* Green energy tariffs deficit to hit 5 bln euros this year
* France seeking short-term fix, long-term reform - source
By Benjamin Mallet
PARIS, Nov 27 EDF will need to sell
assets and cut investment to contain its debt even though the
French utility is likely to reach agreement with the government
over renewable energy subsidies, analysts said.
EDF, Europe's biggest electricity producer and 84 percent
state-owned, is seeing its debt rise partly because the extra
cost of producing green energy is more than the subsidies it
receives through a tax called CSPE paid by consumers.
"The challenge for the group is to stop this rising bill and
obtain a resorption over the next few years," Morgan Stanley
analyst Emmanuel Turpin said. "If EDF manages to solve this
problem, it will be a huge relief."
"The constraint, however, is that the French government is
probably not ready to announce a sudden rise in electricity
EDF has been in talks with the government about green
energy, which costs more than traditional sources including
nuclear whose use France wants to limit.
A source at the energy ministry said the government was
seeking to find a short-term solution to the CSPE deficit and a
structural reform would be discussed during a debate on energy
to be concluded next year.
One way to achieve a positive outcome on CSPE for EDF would
be for the government to widen the base of the tax to gas and
oil companies such as GDF Suez and Total, as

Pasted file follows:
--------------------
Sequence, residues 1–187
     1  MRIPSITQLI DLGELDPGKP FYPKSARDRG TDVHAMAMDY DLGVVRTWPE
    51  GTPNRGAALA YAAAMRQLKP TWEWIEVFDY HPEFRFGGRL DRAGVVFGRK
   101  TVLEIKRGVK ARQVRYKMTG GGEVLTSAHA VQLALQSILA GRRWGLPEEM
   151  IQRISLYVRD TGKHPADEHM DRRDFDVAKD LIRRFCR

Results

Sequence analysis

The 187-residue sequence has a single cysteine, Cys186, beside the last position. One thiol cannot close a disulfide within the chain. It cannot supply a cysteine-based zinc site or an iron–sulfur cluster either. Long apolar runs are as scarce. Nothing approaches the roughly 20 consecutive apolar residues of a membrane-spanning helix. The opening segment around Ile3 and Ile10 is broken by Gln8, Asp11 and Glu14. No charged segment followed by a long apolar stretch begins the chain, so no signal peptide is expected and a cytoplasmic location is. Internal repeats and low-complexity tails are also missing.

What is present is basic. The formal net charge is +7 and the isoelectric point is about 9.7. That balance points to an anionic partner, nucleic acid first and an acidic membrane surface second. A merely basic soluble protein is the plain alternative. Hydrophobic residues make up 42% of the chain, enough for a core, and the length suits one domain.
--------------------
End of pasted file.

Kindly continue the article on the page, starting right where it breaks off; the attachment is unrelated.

EDF chief executive Henri Proglio has suggested.
The CSPE deficit has emerged because the tax has not risen
enough to compensate for spending on green energy production,
resulting in a gap forecast at around 5 billion euros ($6.5
billion) for EDF at the end of 2012.
That would compare with total debt seen at 40.5 billion
euros at end-2012, according to a Thomson Reuters I/B/E/S poll,
lifted in part by EDF's acquisition of Italian peer Edison.
Proglio has said the resulting financial charges related to
the CSPE stood at around 1 billion euros. EDF has a debt target
of 2.5 times earnings before interest, taxes, depreciation, and
amortisation (EBITDA), which it hit at end-June.
SACRIFICE CAPEX GROWTH
But even a good result on CSPE would not be enough for
EDF to meet debt targets, analysts said, and the group will have
to cut investment, especially as it expects a tough 2013.
EDF, which expected at the beginning of the year to ramp up
investment to around 15 billion euros in 2015 from 10.5 billion
in 2011, was seen revising the numbers down.
"The French government will ask EDF to sacrifice growth
capex and sell assets before helping out with higher tariffs,"
Kepler analyst Ingo Becker said.
"We assume the current 15 billion euro annual capex guidance
through 2015 will be scaled back to 12 billion euros which, of
course, eats into mid-term earnings growth."
With the cost of maintaining its 58 nuclear reactors in
France rising, EDF could also be forced to sell assets.
"We expect asset disposals to be announced sooner or later,
predominantly ... outside France," Becker said, estimating EDF's
wiggle room at around 20 billion euros. "If our predictions are
to materialise in full, that would be the amount that initially
would not be covered by tariff increases, but replacing them."
Some analysts said EDF could suggest paying its dividend to
the state in shares. Others said it was unlikely the government,
struggling to meet its target of a 3 percent budget deficit next
year, would agree.
EDF shares are down 22 percent this year after a 39 percent
fall in 2011.
($1 = 0.7713 euro)
(Writing by Michel Rose; Editing by Dan Lalor)